Saturday, September 29, 2007

Influencing Demand

Demand for a product can be thought of as the product of two numbers: How many people want the product; and how many units that each person is willing to buy.

The first number can be increased by simply exposing the product to a large number of people, informing them of its potential value to them (what they can gain from using it).

Manipulation of the second number involves maximizing the amount of value that people perceive. If the product is competing with other products, the producer can increase demand by demonstrating its relative advantages (including offering more supply than the competition, which is manifested in either a lower price or a lower cost to the buyer for acquiring the product due to more convenient access).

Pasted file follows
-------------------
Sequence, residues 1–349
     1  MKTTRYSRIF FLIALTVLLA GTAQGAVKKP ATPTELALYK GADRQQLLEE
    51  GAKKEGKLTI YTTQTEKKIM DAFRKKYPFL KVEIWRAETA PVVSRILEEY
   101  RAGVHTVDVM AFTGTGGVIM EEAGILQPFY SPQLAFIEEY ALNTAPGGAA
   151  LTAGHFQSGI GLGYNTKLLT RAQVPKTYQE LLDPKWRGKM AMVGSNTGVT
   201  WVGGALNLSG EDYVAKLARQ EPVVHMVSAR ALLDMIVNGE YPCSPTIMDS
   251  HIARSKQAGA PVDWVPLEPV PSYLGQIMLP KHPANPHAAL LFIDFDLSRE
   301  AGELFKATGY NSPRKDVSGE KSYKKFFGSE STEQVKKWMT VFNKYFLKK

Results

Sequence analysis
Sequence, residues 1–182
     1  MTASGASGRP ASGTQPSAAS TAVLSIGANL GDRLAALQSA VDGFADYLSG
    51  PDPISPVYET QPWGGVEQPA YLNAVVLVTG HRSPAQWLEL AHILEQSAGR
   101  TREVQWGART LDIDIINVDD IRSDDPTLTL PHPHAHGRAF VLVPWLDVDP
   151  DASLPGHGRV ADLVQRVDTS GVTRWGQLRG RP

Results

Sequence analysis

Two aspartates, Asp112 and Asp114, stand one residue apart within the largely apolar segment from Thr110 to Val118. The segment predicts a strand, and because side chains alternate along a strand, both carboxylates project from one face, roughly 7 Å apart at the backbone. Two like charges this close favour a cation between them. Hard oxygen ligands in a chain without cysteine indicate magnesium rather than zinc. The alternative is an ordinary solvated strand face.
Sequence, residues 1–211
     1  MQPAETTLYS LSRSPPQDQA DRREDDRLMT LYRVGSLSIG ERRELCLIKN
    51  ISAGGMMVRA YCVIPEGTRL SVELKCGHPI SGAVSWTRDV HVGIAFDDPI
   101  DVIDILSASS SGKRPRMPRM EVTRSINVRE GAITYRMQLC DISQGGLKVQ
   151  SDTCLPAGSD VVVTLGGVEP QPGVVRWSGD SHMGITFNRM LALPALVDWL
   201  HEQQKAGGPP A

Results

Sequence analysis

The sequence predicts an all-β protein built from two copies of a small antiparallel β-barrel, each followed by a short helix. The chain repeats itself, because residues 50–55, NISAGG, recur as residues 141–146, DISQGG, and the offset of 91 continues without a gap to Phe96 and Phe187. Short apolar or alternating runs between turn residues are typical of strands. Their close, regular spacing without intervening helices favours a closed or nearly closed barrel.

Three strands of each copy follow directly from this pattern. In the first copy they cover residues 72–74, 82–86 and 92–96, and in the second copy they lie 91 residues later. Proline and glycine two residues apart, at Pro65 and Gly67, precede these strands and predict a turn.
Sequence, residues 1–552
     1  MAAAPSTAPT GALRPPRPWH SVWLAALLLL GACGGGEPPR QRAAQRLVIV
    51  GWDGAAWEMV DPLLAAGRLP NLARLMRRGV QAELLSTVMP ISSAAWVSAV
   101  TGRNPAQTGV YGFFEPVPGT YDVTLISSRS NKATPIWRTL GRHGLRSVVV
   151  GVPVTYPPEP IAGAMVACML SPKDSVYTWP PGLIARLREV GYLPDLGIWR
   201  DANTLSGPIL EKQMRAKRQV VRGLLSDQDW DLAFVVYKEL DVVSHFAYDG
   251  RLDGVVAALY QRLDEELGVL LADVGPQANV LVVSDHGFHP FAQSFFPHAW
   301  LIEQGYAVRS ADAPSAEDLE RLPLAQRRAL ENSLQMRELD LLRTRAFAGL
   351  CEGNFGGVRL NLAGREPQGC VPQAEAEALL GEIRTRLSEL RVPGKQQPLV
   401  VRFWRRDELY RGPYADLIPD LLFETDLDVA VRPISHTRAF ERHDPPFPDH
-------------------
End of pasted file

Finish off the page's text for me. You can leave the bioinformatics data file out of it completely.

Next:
A government can influence both demand and supply by imposing a tax on a product. This effective increase in the price of the product gives the market the impression of increased demand, but it acts as an additional cost to the producer since the producer can’t use the additional money to increase the supply of the product. Because supply doesn’t increase proportionally to the “demand” the price continues to stay elevated. Actual demand will drop in the presence of other, untaxed products perceived by buyers as having equivalent value that are easier to get (because they have a lower price).

Friday, September 28, 2007

Product Lifecycle

The difficulty of adopting new technologies is a consequence of the typical product lifecycle.